### Video Transcript

The complex numbers π plus ππ
and π plus ππ, where π, π, π, and π are real numbers, are the roots of a
quadratic equation with real coefficients.

Given that π is not equal to zero,
what conditions, if any, must π, π, π, and π satisfy?

In this question, we are told that
π plus ππ and π plus ππ are roots to our quadratic equation with real
coefficients. This equation would usually be of
the form ππ₯ squared plus ππ₯ plus π equals zero, though π, π, and π are not
to be confused with the letters π, π, and π in our complex numbers. So weβll rewrite this as ππ₯
squared plus ππ₯ plus π equals zero.

Now we know that the nonreal roots
of a quadratic equation with real coefficients occur in complex conjugate pairs. And remember, to find the
conjugate, we change the sign of the imaginary part. So the conjugate of π plus ππ is
π minus ππ. And π plus ππ and π plus ππ
must be complex conjugates of one another by this theorem. This means that the conjugate of π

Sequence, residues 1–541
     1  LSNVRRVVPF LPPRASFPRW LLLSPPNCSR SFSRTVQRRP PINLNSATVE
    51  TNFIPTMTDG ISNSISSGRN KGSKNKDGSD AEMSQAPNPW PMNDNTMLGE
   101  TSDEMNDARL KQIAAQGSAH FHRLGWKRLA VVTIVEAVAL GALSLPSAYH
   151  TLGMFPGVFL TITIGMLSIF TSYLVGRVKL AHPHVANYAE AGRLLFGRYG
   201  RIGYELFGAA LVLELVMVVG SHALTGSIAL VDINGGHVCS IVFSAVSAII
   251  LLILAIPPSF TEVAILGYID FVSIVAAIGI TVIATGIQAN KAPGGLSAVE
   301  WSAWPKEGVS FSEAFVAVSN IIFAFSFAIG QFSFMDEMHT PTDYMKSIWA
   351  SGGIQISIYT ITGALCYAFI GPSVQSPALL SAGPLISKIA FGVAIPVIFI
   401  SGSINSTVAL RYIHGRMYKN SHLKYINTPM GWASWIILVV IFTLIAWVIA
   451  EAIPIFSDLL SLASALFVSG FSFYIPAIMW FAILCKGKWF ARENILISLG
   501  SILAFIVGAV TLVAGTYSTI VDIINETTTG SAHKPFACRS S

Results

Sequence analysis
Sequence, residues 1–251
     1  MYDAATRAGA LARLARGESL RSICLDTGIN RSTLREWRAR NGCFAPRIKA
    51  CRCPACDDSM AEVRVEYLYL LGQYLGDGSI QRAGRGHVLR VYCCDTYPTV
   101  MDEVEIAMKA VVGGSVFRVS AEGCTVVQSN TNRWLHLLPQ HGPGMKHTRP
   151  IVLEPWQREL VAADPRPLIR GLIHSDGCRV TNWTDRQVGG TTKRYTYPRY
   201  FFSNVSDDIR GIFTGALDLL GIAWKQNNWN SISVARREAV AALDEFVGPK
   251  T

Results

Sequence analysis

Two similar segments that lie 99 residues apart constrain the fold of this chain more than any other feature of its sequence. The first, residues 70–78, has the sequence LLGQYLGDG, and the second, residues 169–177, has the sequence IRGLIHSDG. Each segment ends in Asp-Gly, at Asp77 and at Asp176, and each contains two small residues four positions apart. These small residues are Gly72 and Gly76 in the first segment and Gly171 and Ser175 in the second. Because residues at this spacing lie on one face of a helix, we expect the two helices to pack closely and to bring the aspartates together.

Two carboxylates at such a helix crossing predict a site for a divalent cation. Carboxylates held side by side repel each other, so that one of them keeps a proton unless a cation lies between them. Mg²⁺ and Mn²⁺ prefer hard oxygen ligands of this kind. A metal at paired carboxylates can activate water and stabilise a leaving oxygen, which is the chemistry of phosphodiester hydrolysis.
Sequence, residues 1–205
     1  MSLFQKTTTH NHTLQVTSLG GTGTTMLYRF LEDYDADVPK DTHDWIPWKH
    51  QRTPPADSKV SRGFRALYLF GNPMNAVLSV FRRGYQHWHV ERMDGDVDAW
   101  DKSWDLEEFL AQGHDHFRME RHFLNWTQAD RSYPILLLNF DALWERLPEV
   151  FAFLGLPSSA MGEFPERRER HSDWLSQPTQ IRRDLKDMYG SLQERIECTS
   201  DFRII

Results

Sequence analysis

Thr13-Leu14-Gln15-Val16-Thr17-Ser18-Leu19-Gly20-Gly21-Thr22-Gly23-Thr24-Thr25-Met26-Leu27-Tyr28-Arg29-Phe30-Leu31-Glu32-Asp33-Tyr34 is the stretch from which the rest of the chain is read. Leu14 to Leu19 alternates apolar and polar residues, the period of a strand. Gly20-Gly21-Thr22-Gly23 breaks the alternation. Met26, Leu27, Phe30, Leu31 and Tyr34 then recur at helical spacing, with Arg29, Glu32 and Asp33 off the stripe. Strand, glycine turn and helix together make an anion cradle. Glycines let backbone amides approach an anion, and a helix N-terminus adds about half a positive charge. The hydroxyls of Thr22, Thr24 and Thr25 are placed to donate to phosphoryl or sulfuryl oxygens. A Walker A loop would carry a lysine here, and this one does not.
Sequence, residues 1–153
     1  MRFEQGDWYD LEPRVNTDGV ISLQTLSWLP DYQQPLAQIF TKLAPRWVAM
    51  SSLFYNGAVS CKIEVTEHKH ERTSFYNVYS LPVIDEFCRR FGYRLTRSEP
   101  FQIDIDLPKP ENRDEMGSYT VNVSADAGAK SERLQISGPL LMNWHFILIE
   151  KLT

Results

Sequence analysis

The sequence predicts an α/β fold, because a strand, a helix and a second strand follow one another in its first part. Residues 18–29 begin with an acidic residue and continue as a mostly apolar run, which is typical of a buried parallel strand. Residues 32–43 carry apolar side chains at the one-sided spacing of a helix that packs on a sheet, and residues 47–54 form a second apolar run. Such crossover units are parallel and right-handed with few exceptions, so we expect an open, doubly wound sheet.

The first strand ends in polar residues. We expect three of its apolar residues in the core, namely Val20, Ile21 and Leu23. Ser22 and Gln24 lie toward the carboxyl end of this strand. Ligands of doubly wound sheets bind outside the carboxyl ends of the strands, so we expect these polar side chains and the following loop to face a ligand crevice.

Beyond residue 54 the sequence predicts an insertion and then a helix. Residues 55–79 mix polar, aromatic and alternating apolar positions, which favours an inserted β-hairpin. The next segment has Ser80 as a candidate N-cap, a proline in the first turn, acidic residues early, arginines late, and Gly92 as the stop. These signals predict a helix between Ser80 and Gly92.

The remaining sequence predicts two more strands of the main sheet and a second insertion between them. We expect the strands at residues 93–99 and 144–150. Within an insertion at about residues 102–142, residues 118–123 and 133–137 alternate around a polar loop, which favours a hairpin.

plus ππ must be equal to π plus ππ. So we say that π minus ππ equals
π plus ππ.

And for two complex numbers to be
equal, their real parts must be equal. So here we equate π and π. But their imaginary parts must also
be equal. So we equate the imaginary
parts. And we see that negative π equals
π. So the conditions that π, π, π,
and π must satisfy here is that π must be equal to π and negative π must be
equal to π. This time, weβre going to use our
knowledge of the nature of complex roots of quadratic equations to reconstruct an
equation given one of its roots.